In addition, as can be understood from FIG. 8A, the cut-outs 54 are formed in the four corner portions of the concave surface 51 of the bottom wall 50 of the connector housing 11 by cutting longitudinal end portions of the arc portions 53. Bottom surfaces of the cut-outs 54 constitute a common flat surface that extends parallel to the front-and-rear and left-and-right directions (parallel to an x-y plane).

As shown in FIG. 9, the cut-outs 54 are formed in positions where end portions of the corresponding ribs 41 can enter the cut-outs 54 when two connector housings 11 are aligned side by side in an identical direction in such a way that a concave surface 51 of one connector housing 11 faces ribs 41 of the other connector housing 11.

Due to this, assembling and disposing the two connector housings 11 side by side in a row while directing them in the identical direction so that the ribs 41 on the one connector housing 11 of the adjacent two connector housings are placed in the cut-outs 54 on the concave surface 51 of the other connector housing 11 as shown in FIG. 9 can reduce the resulting height (a transverse dimension in FIG. 9) of the assembled connector housings 11 more than when no such cut-outs 54 are provided. This can reduce a space to be occupied by the whole of the plurality of connector housings 11 when the plurality of connector housings 11 are assembled to a vehicle body or an electrical junction box of a vehicle while being assembled and disposed side by side in a row while being oriented in the identical direction.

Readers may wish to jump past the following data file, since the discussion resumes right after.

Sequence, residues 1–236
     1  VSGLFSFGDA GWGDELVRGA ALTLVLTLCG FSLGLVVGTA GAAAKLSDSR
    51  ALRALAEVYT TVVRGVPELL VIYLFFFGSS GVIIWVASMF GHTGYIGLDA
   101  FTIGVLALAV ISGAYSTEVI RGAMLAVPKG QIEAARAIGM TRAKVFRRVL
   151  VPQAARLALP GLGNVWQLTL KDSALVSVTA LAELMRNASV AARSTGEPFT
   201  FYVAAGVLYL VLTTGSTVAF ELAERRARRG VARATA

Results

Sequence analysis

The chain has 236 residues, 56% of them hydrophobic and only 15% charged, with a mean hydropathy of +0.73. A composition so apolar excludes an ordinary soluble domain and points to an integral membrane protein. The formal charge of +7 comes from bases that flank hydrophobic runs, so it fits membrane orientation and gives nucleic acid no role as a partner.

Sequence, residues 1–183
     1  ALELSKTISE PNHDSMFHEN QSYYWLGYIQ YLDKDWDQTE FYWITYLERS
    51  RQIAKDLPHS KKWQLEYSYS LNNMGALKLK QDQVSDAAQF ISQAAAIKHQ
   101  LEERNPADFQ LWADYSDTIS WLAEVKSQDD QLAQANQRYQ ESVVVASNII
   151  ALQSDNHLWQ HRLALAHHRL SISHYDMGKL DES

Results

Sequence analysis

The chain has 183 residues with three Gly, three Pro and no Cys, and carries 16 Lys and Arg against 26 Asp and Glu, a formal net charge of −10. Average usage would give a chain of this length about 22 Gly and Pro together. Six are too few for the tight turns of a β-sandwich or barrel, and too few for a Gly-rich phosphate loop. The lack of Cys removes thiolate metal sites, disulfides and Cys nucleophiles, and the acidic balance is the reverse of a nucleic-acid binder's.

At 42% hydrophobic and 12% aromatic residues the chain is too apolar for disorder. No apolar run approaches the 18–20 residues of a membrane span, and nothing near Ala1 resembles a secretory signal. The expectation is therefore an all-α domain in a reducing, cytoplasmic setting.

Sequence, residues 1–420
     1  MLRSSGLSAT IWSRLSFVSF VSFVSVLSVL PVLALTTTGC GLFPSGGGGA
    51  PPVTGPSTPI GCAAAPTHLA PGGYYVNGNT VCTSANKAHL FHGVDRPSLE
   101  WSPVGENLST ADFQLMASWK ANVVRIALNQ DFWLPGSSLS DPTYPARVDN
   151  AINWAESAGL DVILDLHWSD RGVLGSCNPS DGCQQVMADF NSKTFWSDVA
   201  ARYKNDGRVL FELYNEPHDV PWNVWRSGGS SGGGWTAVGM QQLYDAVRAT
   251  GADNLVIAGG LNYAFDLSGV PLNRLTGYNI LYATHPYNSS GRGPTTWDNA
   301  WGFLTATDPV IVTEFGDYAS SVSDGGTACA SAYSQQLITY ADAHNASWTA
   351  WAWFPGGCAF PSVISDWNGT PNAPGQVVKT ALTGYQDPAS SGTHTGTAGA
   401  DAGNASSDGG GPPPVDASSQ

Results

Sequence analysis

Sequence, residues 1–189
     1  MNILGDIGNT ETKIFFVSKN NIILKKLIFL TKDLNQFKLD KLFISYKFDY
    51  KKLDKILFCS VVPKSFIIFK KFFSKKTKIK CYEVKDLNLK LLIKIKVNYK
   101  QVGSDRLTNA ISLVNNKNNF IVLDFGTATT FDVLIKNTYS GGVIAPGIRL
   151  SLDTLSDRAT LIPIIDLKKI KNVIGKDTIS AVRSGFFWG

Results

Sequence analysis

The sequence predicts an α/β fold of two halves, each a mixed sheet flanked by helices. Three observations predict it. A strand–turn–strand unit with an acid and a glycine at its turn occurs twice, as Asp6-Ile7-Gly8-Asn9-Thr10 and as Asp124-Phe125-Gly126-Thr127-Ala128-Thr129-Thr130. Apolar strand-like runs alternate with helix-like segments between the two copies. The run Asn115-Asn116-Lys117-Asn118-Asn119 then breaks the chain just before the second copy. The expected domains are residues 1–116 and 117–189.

The plurality of connector housings 11 that are assembled and disposed side by side in a row while being oriented in the identical direction as shown in FIG. 9 can constitute a connected connector housing 12 (also, referred to as a connector unit from time to time) in which connector housings 11 are connected together as shown in FIG. 11 by the use of a connecting plate 80 shown in FIG. 10.

As shown in FIG. 10, the connecting plate 80 is a resin plate-like member having a certain length. Pairs of through locks 81 are provided in a row on one side surface of the connecting plate 80 at a plurality of locations (three locations in the second embodiment) that are spaced apart from one another in a longitudinal direction at equal intervals. Each of the pairs of through locks 81 has the same shape as that of a pair of female through locks 71 (refer to FIG. 7 and the like) of the connector housing 11. A pair of through locks 82 is provided at a longitudinally central portion on the other side surface of the connecting plate 80. The pair of through locks 82 has the same or similar shape as or to that of the pair of through locks 81.

With the plurality of connector housings 11 assembled and disposed side by side while being oriented in the identical direction as shown in FIG. 9, fitting pairs of male through locks 61 of the connector housings 11 into the corresponding pairs of through locks 81 of the connecting plate 80 can obtain the connected connector housing 12 as shown in FIG. 11. The pair of through locks 82 of the connecting plate 80 can be used, for example, when the connected connector housing 12 is assembled to the vehicle body or the electrical junction box.